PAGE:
Want to support the Black Lives Matter movement? Here’s how you can start

A list of literally the bare minimum you can do

Photo: Wikimedia Commons

Compiled by: The Peak Publication Society

Please note that the sources listed below have been compiled by multiple individuals, and we do not take credit for writing them. 

  1. Petitions, petitions, petitions.

 

 

They are circling everywhere and almost impossible to miss on social media. Take 10 minutes out of your day to sign as many as possible, or better yet take more than 10 minutes. LIterally sign as many petitions as you possibly can. The more petitions you sign, the more that your voice is creating positive change. Once you sign those petitions, spread them like wildfire. Post them on your social media so your friends can see and sign them as well. After that, send emails out to government officials demanding change and justice. For a masterlist of petitions please go to https://blacklivesmatters.carrd.co/! This website was started and updated by @dehyedration. This is a Google Doc for BLM resources, compiled by Twitter user @ambivalacnt. For a Canadian masterlist please go to https://blacklivesmattercanada.carrd.co/, compiled by Instagram user @bellaminicucci.

2. Donate

 

 

Pretty much the same thing as the petitions. If you have the financial means to do so, please donate as much as you can. You can find donation links at https://linktr.ee/action.queerblm or https://blacklivesmatters.carrd.co/   

Don’t have the funds? There is a video on YouTube called “how to financially help BLM with NO MONEY/leaving your house” created by Zoe Amira featuring not only the amazing work of black artists all over the world, but has numerous ads. All of the ad revenue will be going to:

  • Brooklyn Bail Fund
  • Minnesota Freedom Fund
  • Atlanta Action Network
  • Columbus Freedom Fund
  • Louisville Community Bail Fund
  • Chicago Bond
  • Black Visions Collective
  • Richmond Community Bail Fund
  • The Bail Project inc. 
  • NW com bail fund
  • Philadelphia Bail Fund
  • The Korchhinski-Parquet family gofundme
  • Gerge Floyd’s Family gofundme
  • Blacklivesmatter.com
  • Reclaim the Block

Leave this video running in the background on half volume while you work and don’t skip any ads (you can turn off your computer audio but the video audio must be playing to generate ad revenue). It takes zero effort and will actively help.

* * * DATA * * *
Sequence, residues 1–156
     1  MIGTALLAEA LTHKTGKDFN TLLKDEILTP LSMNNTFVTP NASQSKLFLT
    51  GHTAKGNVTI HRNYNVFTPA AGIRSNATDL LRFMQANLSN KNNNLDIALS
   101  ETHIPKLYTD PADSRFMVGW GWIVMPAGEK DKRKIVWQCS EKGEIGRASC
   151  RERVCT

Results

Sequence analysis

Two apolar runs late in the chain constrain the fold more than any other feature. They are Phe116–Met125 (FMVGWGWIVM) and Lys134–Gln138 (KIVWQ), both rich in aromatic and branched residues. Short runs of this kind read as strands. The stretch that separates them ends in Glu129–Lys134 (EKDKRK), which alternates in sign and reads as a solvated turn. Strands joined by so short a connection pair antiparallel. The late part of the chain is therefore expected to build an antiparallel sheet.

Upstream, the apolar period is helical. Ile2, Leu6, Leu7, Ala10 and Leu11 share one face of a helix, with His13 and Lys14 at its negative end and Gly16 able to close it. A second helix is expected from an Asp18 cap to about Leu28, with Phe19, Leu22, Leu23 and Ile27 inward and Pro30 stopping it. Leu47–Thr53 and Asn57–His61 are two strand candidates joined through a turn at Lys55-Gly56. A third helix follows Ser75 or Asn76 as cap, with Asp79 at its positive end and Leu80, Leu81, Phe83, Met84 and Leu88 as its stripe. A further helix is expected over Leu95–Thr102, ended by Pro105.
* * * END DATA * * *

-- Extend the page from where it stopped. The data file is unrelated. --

3. Openly educate yourself

 

 

Educate yourself on the issues around you and ask yourself questions. What can you do to support POC in your community? What are your local politicians’ policy on ending police brutality? Learn about how much of your city’s operational budget is spent on policing, and consider emailing your city elected officials to divest funds into prioritizing community-led initiatives or alternative sectors, like education and mental health services. This is an email template that you can use to email Vancouver city officials, where 21% of the total operational budget is spent on policing, or $315,278,281.00. 

How do you benefit from the oppression of POC in your community? How can you be actively anti-racist instead of simply “not racist”? Pick up a book  — some recommendations from The Peak include So You Want to Talk About Race by Ijeoma Oluo. Check out this list of free ebooks on racial justice! You can also watch a Netflix documentary (When They See Us or 13th is a good place to start). Here is a masterlist of resources to educate yourself. Asking yourself these hard questions and learning are key because the next step is to . . .

4. Openly educate those around you

 

 

Now is the time to sit down with your family and explain to them what is happening and how they can help. Being an ally means being comfortable with having difficult conversations with your peers rather than ignoring them, especially if you disagree with them.  Ask them the same hard questions that you had to ask yourself. Teach them to observe their own biases and to be actively anti-racist. As we stated above, this also means sharing resources all over your social media. Now is not the time to be caring about your Instagram aesthetic. 

5. Follow these organizations

 

 

@blklivesmatter

@colorofcchange

@naacp

@showingupforracialjustice

@civilrightsorg

@reclaimtheblock

@ethelsclub

@unitedwedream

6. Text these numbers

 

 

Text FLOYD to 55-156

Text JUSTICE to 66-8336